the opposite side is obstinate, unreliable, dishonest and into backstabbingwhich you could think of as not very flattering.
But seriously, what are Brooks and his fellow Chickens Little actually frightened about in this story? Juan Cole has interpreted the Ayatollah's remarks on the nuclear negotiations better than I can, with plenty of detail: the takeaway being that
The speech is all over the place and seems to me to involve a lot of posturing without much substance. Presumably the speech was intended to mollify the hard liners upset by the enormous concessions Iran was alleged to have offered. At the same time, Khamenei did not want to crush the spirits of his negotiators. And, I think he is still pessimistic about the very possibility of a final deal by June 30 and is preparing the public for the possibility of failure.And this is pretty much how I see it too; I can't see at all how this demonstrates that Iran will cheat on the deal, as Brooks and his colleagues are claiming. If what his Supremacy says is to be taken at face value, it just means there won't be a deal at all.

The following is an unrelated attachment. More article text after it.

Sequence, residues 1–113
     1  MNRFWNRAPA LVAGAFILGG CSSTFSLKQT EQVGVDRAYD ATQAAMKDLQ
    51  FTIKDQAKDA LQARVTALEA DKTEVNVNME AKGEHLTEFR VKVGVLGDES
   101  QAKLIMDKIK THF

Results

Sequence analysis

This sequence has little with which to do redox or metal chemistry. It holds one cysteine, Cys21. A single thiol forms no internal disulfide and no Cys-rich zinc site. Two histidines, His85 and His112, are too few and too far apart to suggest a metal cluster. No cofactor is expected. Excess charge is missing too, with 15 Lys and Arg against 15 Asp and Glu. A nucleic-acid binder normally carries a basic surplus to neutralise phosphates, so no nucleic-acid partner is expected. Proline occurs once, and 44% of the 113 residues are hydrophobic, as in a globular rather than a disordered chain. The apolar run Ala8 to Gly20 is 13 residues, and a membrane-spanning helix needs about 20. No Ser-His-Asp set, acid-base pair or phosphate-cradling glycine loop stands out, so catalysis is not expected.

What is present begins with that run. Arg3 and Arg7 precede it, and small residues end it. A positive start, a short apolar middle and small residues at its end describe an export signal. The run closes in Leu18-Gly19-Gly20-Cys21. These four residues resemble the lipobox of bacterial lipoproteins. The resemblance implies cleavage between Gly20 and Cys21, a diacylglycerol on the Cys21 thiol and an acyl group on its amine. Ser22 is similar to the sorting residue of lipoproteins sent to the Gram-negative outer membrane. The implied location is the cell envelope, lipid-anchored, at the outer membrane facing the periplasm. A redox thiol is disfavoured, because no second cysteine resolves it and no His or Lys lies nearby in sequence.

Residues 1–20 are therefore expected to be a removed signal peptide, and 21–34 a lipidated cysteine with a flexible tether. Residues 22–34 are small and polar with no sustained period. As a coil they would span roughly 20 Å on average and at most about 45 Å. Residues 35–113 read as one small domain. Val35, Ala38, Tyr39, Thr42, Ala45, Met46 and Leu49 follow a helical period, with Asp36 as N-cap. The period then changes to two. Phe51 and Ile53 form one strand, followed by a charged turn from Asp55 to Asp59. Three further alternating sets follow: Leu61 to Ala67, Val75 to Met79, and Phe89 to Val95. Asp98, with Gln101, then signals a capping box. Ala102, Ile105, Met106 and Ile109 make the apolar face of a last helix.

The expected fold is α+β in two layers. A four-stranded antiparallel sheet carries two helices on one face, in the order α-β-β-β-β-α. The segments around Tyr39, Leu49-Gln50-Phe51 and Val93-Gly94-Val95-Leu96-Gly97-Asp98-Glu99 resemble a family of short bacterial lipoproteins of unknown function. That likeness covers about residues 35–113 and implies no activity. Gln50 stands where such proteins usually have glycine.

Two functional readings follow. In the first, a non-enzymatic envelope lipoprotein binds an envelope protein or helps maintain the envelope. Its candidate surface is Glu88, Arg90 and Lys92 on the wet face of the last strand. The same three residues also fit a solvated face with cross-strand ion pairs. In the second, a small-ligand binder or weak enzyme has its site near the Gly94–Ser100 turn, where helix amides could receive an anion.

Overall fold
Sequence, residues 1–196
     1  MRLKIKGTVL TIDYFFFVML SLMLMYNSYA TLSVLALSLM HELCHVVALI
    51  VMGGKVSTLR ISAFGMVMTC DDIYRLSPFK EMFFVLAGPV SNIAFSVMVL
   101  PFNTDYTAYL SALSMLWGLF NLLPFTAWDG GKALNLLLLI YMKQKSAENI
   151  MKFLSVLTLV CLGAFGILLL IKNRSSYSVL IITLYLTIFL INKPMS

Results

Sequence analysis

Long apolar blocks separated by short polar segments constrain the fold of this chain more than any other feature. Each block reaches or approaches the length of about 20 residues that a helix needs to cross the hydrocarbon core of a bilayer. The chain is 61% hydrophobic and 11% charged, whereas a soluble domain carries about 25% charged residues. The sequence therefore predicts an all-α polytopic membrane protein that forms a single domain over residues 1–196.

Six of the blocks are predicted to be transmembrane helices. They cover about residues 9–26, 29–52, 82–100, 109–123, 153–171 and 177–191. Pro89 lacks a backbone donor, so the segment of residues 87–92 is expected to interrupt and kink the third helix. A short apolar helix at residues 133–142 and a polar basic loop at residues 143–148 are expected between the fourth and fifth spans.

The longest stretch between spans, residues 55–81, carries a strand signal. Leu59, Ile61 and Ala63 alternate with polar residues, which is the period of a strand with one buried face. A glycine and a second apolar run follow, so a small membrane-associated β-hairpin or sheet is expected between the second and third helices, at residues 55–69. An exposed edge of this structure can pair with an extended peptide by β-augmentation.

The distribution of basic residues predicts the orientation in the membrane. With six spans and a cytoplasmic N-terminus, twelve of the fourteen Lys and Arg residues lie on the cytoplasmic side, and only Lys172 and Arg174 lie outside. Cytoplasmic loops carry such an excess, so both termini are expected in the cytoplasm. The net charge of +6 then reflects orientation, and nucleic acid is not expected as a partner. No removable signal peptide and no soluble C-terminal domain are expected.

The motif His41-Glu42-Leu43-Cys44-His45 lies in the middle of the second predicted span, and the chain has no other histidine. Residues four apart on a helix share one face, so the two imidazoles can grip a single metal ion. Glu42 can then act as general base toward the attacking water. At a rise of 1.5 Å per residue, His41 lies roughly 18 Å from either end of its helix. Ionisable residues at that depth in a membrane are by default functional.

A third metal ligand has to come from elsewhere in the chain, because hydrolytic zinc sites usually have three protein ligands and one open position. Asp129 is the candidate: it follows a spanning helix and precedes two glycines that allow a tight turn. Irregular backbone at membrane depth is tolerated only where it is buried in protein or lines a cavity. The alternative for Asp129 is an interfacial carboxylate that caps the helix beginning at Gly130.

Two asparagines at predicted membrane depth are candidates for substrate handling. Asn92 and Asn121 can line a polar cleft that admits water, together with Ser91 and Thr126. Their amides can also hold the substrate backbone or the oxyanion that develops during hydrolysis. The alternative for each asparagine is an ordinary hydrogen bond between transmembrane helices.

That is, if he really does have a fantasy that all the sanctions will be lifted as soon as Rouhani has signed the final document and clings to it, that's just too bad. If the US really does cling to the idea of spying on the military installations any more than they're already doing, to get a look at the missile program (because it would be the missiles they'd be looking for; the nuclear program is a civilian program, by definition, and there aren't any centrifuges or uranium on a base somewhere, and the negotiators know this), it's not going to happen. What Khamenei is threatening isn't the kind of "subtlety" Brooks is worrying about:
If Iran still has revolutionary intent, then no amount of treaty subtlety will enforce this deal. Iran will begin subtly subverting any agreement.(a) It's not "treaty subtlety", it's an extremely strict and intrusive inspection regime. Can you just look at the text?
(b) What he's threatening, rather, is the breakdown of talks. Give me what I want or I'll walk. Just what Brooks and his patrons are hoping for.
(c) But Khamenei would obviously rather have a deal; Iran is not much of a democracy at the moment, but the regime does have to respond to public opinion, and the population is going crazy with mixed hope and hopelessness over this agreement; the Guardians really fear a repeat of the Green Revolution of 2009. And so his ultimate message is actually pretty positive, and suggests an interest in working on stuff beyond the nuclear issue:
“If the other side avoids its amphibology [ambiguity] in the talks, it'll be an experience showing it's possible to negotiate with them on other issues.”Amphibology!